|The key to mastering fade and draw shots is to use the proper mechanics, which will have you hitting more fairways and greens. (Courtesy of worldseriesofgolf.com)|
The most difficult shot in golf is a straight shot; even a tour pro rarely tries to hit it.
They hit draws and fades instead because it's a lot easier to produce a good result with those shots. The key to mastering these shots is to use the proper mechanics, which will have you hitting more fairways and greens. Practice the tips below, and see your scores come tumbling down.
At the address position, adjust your grip by turning your hands slightly to the left (right-handed golfers). This produces a weaker grip that causes the hands to be less active during the swing.
Next, take a slightly open stance so you can promote an outside-in swing. On your backswing, restrict your shoulder turn (feel as though you are lifting the club to the top of the backswing with your hands high above your head) causing a more upright swing than normal.
This position will result in a steeper plane, which will hold the face slightly open upon impact. From this position, rotate your left hip and shoulder to the left feeling the lower-body leading the hands and arms through the swing. Don't allow the hands to release; let the back of your left hand swing to the follow through position. Finally, finish with the hands high having your right shoulder fully rotated through the swing.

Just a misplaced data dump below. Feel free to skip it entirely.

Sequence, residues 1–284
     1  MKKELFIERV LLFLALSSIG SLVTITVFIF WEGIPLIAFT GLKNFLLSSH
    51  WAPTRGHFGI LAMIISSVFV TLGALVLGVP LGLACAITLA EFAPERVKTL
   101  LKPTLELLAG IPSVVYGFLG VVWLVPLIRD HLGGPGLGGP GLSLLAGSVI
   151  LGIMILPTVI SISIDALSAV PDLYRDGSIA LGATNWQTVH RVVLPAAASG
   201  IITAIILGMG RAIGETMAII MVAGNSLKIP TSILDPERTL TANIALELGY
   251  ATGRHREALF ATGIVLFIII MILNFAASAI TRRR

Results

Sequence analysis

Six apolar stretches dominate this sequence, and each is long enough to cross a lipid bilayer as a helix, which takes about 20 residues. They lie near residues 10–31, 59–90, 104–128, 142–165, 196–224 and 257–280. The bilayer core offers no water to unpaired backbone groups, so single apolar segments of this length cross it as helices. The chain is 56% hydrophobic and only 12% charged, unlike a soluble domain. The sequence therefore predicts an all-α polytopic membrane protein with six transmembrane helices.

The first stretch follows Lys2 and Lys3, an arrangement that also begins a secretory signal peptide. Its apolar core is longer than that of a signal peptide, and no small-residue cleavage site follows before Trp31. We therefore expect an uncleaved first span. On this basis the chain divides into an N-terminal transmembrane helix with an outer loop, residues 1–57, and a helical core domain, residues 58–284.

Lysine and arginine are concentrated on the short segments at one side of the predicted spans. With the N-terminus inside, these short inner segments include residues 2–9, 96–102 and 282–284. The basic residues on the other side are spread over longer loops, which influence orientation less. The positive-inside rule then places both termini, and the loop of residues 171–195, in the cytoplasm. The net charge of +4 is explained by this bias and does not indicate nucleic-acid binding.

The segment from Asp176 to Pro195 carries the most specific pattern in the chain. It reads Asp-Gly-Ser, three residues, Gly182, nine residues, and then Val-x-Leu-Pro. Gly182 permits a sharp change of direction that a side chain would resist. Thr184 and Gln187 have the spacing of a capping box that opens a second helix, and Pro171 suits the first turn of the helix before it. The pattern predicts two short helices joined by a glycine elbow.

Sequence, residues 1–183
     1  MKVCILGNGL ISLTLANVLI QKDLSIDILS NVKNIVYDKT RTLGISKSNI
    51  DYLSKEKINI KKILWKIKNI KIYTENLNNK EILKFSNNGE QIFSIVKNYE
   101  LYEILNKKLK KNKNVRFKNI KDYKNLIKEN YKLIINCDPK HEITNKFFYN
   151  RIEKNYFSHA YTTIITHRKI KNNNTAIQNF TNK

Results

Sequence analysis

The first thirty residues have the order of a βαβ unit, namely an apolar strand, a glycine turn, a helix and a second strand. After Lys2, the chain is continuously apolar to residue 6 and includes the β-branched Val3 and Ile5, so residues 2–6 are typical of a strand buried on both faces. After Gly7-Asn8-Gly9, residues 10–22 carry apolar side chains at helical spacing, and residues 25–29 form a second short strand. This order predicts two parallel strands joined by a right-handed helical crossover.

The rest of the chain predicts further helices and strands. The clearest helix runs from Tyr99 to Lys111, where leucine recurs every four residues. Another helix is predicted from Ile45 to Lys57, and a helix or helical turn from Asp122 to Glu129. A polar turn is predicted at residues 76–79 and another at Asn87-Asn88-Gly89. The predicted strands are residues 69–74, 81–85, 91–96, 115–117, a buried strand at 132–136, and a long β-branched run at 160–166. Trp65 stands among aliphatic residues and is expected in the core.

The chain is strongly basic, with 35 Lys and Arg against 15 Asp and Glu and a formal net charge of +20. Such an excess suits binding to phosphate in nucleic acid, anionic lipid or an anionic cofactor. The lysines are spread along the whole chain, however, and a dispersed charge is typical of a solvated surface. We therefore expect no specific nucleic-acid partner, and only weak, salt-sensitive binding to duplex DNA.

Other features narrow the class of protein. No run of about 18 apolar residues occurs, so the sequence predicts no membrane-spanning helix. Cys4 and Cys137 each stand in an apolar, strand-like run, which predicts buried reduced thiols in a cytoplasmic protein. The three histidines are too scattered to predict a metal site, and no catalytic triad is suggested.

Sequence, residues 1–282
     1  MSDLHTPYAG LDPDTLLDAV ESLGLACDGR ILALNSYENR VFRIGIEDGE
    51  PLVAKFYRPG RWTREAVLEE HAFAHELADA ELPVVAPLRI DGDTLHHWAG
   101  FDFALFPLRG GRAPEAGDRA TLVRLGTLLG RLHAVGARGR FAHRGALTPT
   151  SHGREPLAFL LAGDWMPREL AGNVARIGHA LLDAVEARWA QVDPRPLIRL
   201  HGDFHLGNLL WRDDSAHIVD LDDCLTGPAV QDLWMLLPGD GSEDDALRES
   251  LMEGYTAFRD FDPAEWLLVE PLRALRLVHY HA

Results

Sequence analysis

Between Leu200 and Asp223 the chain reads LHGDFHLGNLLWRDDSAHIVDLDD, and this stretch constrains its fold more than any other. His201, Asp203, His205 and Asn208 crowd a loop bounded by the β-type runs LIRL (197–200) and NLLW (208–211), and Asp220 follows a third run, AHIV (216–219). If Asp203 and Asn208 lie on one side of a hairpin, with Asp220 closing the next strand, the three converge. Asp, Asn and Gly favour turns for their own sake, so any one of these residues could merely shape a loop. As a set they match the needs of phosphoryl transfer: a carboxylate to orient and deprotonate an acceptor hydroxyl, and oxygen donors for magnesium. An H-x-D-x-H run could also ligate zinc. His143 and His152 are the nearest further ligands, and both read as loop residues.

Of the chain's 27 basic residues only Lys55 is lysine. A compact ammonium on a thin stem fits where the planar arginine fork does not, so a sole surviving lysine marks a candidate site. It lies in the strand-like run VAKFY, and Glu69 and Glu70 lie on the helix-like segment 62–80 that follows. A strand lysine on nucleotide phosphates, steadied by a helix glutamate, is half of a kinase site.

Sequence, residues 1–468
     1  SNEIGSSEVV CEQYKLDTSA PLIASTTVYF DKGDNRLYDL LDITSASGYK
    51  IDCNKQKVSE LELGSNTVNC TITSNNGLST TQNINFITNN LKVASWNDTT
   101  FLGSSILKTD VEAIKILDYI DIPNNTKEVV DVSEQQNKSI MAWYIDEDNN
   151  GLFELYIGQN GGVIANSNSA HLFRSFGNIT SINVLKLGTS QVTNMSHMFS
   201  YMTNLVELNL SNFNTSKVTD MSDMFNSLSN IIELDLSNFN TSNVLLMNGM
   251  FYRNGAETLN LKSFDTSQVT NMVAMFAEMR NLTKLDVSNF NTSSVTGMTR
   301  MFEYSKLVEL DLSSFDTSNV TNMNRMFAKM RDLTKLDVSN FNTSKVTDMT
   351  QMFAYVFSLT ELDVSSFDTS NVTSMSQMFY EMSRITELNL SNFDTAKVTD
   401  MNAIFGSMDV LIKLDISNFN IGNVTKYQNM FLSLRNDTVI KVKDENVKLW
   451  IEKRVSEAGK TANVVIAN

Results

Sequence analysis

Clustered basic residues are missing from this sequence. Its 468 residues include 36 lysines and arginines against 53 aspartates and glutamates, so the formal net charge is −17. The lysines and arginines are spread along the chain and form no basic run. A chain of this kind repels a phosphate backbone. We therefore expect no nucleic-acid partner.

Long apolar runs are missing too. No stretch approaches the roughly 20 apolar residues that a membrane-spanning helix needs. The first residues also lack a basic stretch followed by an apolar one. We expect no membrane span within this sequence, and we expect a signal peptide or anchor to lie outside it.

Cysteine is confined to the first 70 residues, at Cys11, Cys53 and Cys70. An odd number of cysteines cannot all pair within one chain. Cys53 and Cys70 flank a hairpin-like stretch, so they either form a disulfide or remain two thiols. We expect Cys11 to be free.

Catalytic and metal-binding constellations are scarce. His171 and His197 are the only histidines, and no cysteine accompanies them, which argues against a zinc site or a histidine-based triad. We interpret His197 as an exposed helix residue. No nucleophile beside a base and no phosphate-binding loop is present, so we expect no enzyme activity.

Here are some easy rules-of-thumb to mastering the fade shot:
• Open your stance.
• Rotate your hands to the left on the grip.
• Swing more with your body and shoulders.
• Hold the face open upon impact; no release of the hands.
At address position, adjust your grip by turning your hands slightly to the right. This produces a stronger grip, which causes the hands to be more active during the swing. Hitting a draw comes from a more rounded plane, so you need to start by closing your stance.
Next, make a full shoulder turn on the backswing; make sure you get the left shoulder behind the ball at the top. From this position, swing the club from the inside (focus on hitting the inside of the back of the ball upon impact). The draw is an arms and hands-driven swing highlighted by less body movement and an active rolling of the hands (release) through impact.
The back of the left hand should be turned down, facing the ground, after impact, which promotes closing the clubface through the impact zone.
Here are some easy rules-of-thumb to mastering the draw shot:
• Close your stance.
• Rotate your hands to the right on the grip.
• Swing from the inside using your arms and hands.
• Rotate the club face over through impact; release the hands.
December 7, 2009
Les Miller is longtime Golf Writers of America member who has written golf instruction for several newspapers and golf publications. His many years of experience as a golf professional, director of product development and tour relations for several major golf companies gives him a unique background that helps golfers increase their enjoyment of the game.